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Kids go to school to get an education, and in part to increase their future job opportunities, not limit their parents’ prospects in the process. But how they get to school is a crucial, underappreciated detail that can make a world of difference to the communities where schools are located.

Earlier this month, Washington, D.C., Mayor Muriel Bowser announced an update to the city’s Kids Ride Free program that will smooth out kinks to an otherwise model program that others should emulate. The program enhances the program that allows students to move around in a city known for its traffic and congestion. In D.C., all students between the ages of 5 and 21 who attend school, including charters and private schools, are eligible to ride the bus systems (Metrobus, DC Circulator) and rail system (Metrorail) to school and school related activities for free. Students aren’t limited to a certain number of rides or stops, school days or times, the way they are in other cities such as New Orleans and Pittsburgh.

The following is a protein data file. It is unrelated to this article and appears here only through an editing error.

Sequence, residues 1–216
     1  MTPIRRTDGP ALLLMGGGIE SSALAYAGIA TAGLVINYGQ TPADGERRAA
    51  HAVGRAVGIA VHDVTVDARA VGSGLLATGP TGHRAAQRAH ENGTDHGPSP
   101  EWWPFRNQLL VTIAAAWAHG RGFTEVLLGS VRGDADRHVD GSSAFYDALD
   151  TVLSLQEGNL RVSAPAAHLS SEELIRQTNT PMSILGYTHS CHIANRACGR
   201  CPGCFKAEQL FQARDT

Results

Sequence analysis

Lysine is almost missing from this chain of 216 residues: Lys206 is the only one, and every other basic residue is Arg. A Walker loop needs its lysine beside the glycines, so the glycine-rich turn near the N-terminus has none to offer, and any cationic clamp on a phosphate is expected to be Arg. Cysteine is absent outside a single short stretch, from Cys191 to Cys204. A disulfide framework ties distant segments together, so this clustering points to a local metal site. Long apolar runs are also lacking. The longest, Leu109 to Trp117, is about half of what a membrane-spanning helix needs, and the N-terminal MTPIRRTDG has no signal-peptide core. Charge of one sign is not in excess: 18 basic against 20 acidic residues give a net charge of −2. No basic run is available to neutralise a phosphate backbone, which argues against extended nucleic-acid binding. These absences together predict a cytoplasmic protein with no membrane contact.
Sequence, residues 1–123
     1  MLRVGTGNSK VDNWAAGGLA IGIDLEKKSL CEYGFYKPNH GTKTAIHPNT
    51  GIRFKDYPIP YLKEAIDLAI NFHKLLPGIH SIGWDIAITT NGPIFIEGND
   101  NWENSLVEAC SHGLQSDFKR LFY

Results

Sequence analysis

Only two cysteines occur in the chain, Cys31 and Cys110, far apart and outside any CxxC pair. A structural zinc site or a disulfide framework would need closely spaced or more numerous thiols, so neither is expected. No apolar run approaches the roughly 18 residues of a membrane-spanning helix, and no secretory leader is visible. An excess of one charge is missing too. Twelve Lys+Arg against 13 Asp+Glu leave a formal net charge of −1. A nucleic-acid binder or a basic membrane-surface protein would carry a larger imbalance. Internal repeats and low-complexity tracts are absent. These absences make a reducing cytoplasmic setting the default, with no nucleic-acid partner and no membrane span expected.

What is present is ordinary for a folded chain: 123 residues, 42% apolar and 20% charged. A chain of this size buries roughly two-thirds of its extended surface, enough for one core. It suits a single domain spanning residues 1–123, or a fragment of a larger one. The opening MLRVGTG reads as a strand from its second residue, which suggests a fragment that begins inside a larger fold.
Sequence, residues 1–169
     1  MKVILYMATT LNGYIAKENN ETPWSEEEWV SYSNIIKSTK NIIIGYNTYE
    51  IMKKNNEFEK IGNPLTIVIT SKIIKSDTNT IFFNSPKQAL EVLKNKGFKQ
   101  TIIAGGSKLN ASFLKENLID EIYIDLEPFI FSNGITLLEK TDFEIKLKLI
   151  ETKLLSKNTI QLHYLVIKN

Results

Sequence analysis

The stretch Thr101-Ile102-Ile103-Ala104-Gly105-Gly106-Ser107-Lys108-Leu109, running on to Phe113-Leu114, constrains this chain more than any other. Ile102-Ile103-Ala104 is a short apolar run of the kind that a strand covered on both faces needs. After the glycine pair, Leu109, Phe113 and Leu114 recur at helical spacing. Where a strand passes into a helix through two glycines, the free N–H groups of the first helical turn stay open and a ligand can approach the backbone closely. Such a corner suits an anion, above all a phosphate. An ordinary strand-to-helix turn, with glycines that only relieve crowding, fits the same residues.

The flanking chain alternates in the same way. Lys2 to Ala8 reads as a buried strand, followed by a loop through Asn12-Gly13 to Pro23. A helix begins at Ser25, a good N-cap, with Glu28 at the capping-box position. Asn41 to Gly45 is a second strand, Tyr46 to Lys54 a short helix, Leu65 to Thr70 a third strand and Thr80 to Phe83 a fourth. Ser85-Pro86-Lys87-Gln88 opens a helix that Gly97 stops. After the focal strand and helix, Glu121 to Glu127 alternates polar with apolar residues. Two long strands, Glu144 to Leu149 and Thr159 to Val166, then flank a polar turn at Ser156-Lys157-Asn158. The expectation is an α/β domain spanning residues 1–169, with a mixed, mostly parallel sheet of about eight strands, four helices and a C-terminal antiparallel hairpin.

Under the new system, instead of needing a separate student ID card, students will be able to tap a version of a standard issue SmarTrip Card, used for public transportation in and around the city. The new card system makes it more convenient for parents to properly enroll their children in Kids Ride Free and facilitates better accounting of who is using public transportation.

Allowing kids to ride public transportation for free reflects how students actually live and learn. Students don’t live in schools. They live and learn in communities. We limit students’ educations when we curb their access to museums, libraries, community events and other places where learning happens. What good is a city flush with national monuments and museums if students across town can’t access it without hopping on a bus and switching to a train to reach it? Families need access not just to school, but also to quality afterschool programs, sports and other recreational activities, and they need their children back home in time for dinner.